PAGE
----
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OSS Teaches Smart Money Management Strategies

For The Heights

Published: Wednesday, October 17, 2012

Updated: Wednesday, January 9, 2013 18:01

Differentiating between wants and needs and developing discipline when budgeting were the principal guidelines at the Introduction to Budgeting workshop Wednesday evening held by $uccessful Start, Boston College’s financial literacy program.

Sponsored by the Office of Student Services (OSS), the workshop was the second of seven events scheduled for this semester featuring topics ranging from credit and debt management to understanding financial aid. Ultimately, the program hopes to provide BC students, both undergraduates and graduates, with the information necessary to become financially literate and responsible for their lifetime.

Budgeting, said Craig Noyes, direct loans and corrections specialist in OSS and BC ’08, who presented Wednesday’s workshop, “requires a lot of intent effort on your part and a bit of time.” This investment of energy pays off, though, as seen by a direct correlation between time spent budgeting and our ultimate success in managing your expenses.

Noyes outlined a three-part process to budgeting that involves planning, tracking, and reviewing our monthly sources of income and expenditures. The key to this process, said Noyes, is taking an active role in your budget, consciously keeping track of purchases, saving, and setting goals.

He conceded that budgeting can seem like a bothersome task, though he stressed the importance of active money management on a long-term scale.

“Connect the immediate monotony of making a budget with where you ultimately want to be in the future,” he said.

Noyes also emphasized how we should always be aware of all of our debts, especially recent college graduates who are likely carrying thousands in student loans, and have a “slush fund” prepared for unexpected emergencies.

Another topic particularly relevant to students are dangerous “money leaks,” or areas from which you can scale back on relatively unnecessary purchases. Certain categories for spending, such as food, often add up without us realizing it, and prove more costly than we would have thought when we step back and look at the bigger picture.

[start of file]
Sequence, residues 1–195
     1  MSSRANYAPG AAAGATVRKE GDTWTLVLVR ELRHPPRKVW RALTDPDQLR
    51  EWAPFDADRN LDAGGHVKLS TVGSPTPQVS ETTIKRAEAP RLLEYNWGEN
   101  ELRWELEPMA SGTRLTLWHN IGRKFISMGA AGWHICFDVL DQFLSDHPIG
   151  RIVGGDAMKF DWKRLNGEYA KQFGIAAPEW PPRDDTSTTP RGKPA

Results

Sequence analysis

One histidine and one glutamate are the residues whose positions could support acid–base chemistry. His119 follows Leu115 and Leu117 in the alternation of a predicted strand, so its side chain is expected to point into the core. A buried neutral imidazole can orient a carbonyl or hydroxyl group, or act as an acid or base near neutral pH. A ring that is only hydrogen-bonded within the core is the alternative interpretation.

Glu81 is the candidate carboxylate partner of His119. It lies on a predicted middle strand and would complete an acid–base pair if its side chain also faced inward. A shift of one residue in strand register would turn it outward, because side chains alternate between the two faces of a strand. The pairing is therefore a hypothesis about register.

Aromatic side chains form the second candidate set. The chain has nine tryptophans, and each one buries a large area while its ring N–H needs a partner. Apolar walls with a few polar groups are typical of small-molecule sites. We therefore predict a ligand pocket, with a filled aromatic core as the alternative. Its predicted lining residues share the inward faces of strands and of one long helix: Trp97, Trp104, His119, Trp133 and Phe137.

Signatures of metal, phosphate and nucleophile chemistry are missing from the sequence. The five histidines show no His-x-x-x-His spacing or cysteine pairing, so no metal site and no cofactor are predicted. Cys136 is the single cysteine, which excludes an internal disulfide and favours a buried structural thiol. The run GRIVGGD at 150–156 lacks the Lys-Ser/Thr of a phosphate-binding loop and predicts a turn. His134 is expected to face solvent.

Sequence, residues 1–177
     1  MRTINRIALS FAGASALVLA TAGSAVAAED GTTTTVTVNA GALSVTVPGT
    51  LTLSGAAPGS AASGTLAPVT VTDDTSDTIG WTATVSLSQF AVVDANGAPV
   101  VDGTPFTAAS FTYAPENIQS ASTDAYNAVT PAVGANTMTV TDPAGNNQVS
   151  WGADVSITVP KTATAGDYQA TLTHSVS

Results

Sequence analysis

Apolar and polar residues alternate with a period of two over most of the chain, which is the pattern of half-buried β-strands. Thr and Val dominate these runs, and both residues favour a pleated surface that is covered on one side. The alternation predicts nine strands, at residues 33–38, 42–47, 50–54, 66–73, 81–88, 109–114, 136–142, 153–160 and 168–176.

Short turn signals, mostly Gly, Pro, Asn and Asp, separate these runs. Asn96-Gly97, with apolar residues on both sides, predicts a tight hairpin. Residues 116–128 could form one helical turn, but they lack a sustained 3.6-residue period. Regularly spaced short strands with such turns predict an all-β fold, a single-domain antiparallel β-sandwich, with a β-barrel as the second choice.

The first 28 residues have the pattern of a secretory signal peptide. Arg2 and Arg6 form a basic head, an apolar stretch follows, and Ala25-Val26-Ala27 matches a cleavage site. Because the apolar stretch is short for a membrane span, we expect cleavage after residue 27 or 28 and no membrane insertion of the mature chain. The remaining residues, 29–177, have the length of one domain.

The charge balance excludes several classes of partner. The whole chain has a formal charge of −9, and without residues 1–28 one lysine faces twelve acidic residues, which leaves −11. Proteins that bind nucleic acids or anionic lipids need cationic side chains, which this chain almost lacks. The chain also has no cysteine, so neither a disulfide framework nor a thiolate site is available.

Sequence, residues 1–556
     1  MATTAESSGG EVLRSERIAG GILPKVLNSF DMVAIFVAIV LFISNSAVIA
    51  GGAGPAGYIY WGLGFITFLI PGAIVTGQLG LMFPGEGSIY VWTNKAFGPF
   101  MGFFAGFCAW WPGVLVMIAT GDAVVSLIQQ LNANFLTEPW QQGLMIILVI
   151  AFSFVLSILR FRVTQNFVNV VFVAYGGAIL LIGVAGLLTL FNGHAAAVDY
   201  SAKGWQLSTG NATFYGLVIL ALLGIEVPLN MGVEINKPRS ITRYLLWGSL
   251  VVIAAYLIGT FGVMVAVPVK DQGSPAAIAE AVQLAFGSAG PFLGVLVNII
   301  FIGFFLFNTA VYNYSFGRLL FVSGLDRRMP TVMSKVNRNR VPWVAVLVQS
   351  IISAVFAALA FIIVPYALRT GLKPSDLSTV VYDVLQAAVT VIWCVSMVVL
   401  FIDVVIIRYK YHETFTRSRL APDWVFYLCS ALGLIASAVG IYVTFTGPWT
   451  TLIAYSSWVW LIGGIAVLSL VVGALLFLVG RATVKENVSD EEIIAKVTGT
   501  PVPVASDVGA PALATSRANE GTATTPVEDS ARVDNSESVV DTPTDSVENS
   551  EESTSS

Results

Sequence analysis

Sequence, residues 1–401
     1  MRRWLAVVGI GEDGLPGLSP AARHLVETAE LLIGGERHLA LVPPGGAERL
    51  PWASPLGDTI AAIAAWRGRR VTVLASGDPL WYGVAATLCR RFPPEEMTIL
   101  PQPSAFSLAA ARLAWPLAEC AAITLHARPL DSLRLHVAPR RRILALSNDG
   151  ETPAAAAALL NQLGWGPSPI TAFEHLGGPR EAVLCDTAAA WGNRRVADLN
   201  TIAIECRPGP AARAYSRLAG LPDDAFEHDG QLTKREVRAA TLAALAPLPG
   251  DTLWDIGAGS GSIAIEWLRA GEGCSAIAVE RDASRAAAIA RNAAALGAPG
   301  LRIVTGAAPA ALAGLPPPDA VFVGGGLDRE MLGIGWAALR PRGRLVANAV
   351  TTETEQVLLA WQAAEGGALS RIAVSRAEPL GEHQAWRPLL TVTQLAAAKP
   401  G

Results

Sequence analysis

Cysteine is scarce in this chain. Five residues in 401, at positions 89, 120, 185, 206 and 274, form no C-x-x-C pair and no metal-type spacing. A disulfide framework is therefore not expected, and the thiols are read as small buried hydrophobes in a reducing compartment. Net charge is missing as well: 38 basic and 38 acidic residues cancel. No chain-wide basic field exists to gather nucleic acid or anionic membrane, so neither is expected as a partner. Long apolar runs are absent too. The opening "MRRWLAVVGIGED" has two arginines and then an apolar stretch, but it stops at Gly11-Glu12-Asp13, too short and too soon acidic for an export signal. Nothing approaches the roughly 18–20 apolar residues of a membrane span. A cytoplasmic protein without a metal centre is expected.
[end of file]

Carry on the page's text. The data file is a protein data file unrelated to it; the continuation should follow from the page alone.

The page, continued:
An example Noyes cited was a hypothetical student who goes out to dinner every Saturday night with friends, buys one tall Starbucks drink every weekday, and downloads a new album from iTunes once a week. These habits, Noyes said, would cost more than $2,330 over one year, proving the dangers of costly elements of our daily routines.

To prevent this kind of overspending, Noyes suggested being willing to make tweaks to your spending style by researching cheaper alternatives and prioritizing what is most important to you.

If you run into a roadblock when budgeting, Noyes said, do not hesitate to reassess your current plans.

“None of us want to elongate a timeline or temper what we want to accomplish, but it’s okay to alter your goals,” he said.

Getting an early start to budgeting is an excellent learning exercise, Noyes added. “It’s a great thing to start now, building the budgeting training wheels,” he said, especially for undergraduates doing work-study as he did during his time at BC.

Whenever you start, though, Noyes emphasized that it is imperative to write down your budget, and that even doing a spreadsheet on Microsoft Excel is adequate for creating a basic, organized budget.

He also named several useful websites, including his personal recommendation, mint.com, for promoting responsible money management habits.

“There is a blossoming of blogs and financial resources online,” he said, but he also suggests talking to friends and getting advice from those that feel comfortable sharing about how they manage their money. “Make it a conversation.”
Aside from workshops on financial literacy topics, $uccessful Start also offers information and links to online financial management resources on its website, and the individualized Peer Money Mentor program, which provides personal assistance with budgeting, loans, and other aspects of financial health.

Karen Wullaert, graduate assistant with $uccessful Start and LGSOE ’13, said the program sees a steady turnout of 15 to 25 people at each workshop, with up to 40 people attending the presentation on taxes, a popular and often confusing topic.

The most frequent questions $uccessful Start programs often field from students, Wullaert said, are on student loans and budgeting. Credit card debt, she said, is a common topic because “it is something we don’t usually want to talk about.”

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